In the third round, Baltimore filled needs with its four picks. Defensive tackle Justin Madubuike is the kind of player who can play inside and outside for Baltimore, wide receiver Devin Duvernay gives them a weapon in the slot, and linebacker Malik Harrison is good depth, at worst. Tyre Phillips of Mississippi State and fourth-round pick Ben Bredeson give the Ravens more bodies on the offensive line.
Without a first-round pick after trading for Stefon Diggs, the Bills still managed to find good values on the second and third days of the draft. Defensive end A.J. Epenesa isn’t a dangerous speed rusher on the edge, but he’s extremely solid. To me, he’s a lighter version of Cameron Heyward of the Steelers. He’s a player who can plug in at end to set the edge against the run, and do enough as a pass rusher. He was among my favorite Day 2 picks. Don’t forget, at one point some thought Epenesa might be a top-10 pick.
The Bills found a complement for Devin Singletary in the third round with Zack Moss of Utah. If he’s healthy, he’s a bulldozer running back who can shake off tacklers.
Don’t overlook the selection of quarterback Jake Fromm in the fifth round, either. Backup quarterbacks are a greater commodity than they’re given credit, and Fromm should be a good one based on his football smarts and competitiveness.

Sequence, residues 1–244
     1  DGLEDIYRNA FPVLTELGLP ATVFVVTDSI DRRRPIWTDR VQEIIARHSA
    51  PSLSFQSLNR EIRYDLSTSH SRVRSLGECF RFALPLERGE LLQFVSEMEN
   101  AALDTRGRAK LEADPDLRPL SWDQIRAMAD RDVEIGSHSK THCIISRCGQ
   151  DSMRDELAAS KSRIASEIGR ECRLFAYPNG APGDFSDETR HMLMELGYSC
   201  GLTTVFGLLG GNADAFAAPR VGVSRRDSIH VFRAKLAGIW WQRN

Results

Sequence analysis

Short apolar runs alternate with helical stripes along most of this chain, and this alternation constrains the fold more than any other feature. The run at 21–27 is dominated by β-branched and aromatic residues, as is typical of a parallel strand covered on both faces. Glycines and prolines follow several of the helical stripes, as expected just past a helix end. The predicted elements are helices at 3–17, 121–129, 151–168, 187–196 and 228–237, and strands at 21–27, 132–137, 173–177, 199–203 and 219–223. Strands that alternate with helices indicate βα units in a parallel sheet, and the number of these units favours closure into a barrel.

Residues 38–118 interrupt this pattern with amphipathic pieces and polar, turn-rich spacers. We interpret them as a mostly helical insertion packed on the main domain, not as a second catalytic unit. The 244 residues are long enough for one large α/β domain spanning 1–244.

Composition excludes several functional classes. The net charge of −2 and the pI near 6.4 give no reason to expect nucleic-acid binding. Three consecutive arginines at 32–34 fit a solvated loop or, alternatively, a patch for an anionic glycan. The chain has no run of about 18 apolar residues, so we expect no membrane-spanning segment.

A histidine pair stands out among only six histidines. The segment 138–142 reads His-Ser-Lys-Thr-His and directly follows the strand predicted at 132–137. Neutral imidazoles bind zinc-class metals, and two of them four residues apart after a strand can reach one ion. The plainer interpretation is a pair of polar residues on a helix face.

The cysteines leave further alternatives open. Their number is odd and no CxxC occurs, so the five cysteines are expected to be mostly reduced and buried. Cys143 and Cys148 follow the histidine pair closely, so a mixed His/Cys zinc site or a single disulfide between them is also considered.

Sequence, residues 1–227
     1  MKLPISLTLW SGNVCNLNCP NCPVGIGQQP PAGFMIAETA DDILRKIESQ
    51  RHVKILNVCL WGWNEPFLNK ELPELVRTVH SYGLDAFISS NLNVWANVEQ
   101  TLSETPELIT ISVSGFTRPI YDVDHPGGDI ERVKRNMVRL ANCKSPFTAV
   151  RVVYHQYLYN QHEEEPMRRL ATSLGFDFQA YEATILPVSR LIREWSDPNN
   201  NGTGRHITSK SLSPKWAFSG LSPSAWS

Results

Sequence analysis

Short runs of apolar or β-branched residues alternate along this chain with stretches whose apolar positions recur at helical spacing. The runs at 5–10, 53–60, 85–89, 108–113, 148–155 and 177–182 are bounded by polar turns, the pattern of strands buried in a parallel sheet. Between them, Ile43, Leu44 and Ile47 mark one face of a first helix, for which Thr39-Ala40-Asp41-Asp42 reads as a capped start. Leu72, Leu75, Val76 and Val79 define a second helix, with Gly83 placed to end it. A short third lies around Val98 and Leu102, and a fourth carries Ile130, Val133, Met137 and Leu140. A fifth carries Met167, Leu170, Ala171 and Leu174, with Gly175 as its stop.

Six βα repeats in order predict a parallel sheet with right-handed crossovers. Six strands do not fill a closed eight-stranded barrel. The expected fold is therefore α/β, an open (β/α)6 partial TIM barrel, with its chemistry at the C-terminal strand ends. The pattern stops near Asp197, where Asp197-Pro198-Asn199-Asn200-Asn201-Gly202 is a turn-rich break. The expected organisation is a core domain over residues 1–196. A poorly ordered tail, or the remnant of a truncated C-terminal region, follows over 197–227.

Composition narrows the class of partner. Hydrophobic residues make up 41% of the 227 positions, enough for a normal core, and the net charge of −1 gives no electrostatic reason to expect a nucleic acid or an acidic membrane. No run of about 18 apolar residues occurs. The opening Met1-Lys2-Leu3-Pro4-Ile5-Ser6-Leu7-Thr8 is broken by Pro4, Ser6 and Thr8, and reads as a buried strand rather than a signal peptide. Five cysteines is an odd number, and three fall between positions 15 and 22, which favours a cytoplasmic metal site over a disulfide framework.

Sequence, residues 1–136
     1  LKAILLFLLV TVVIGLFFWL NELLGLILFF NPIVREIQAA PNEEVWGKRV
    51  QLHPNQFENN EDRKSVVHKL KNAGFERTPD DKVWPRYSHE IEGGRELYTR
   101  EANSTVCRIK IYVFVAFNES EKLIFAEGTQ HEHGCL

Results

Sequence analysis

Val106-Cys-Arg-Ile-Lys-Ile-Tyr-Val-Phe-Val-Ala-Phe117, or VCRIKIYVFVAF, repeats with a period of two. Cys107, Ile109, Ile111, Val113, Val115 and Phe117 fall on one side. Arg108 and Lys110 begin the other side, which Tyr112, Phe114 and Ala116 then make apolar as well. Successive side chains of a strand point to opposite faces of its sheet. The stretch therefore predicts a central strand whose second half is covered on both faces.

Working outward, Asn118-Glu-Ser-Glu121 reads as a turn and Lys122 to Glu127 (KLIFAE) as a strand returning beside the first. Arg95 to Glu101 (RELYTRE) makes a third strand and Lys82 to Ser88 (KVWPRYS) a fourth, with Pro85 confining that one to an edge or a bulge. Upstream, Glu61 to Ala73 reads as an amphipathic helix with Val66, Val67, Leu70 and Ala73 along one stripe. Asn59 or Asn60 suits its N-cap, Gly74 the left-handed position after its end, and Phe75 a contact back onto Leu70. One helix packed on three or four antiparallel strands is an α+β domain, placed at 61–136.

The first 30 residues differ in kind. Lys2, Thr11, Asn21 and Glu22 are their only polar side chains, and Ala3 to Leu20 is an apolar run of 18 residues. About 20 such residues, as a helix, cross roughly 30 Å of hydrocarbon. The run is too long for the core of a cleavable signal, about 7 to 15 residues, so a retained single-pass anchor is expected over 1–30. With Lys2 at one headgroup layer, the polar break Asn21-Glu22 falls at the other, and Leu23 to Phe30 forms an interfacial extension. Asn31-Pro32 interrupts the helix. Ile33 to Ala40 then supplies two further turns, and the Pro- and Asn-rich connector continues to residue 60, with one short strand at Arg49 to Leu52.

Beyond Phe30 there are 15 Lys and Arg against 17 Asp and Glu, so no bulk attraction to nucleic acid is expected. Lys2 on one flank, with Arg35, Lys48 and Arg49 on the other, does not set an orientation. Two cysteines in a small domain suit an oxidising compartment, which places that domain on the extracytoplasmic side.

Taking two wide receivers was a little strange given how Buffalo’s offense is constructed. The Bills really needed to come out of this draft with an outside linebacker and guard at some point.
The Panthers got things started in a big way with their draft. Literally. The Panthers’ run defense was bad last season, but the addition of monstrous first-round pick Derrick Brown will greatly improve that area. Brown is a dominant lineman who can move blockers around with ease.
Defensive end Yetur Gross-Matos was a productive player in college, and gives the Panthers a physical and athletic edge player.
Jeremy Chinn is a big, fast, explosive safety who can play press man coverage and work in the box. The Panthers traded up at the end of the second round to get him, and in Chinn they should have a good starter.
The Panthers continued rounding out the defense on the third day of the draft with cornerback Troy Pride Jr., safety Kenny Robinson, and defensive tackle Bravvion Roy. Of those three, Robinson could make the quickest impact. The former XFL player has speed and is a willing tackler.
The Panthers needed to fix their defense, and they used all seven of their picks on that side of the ball.
If a team can be made of all tight ends, the Bears are positioned to do it. Since the Bears didn’t have a first-round pick due to the Khalil Mack trade, Chicago’s first pick was on Notre Dame tight end Cole Kmet in the second round. It’s hard to completely fault the pick considering Kmet was the best tight end in the draft. But now the Bears literally have 10 tight ends.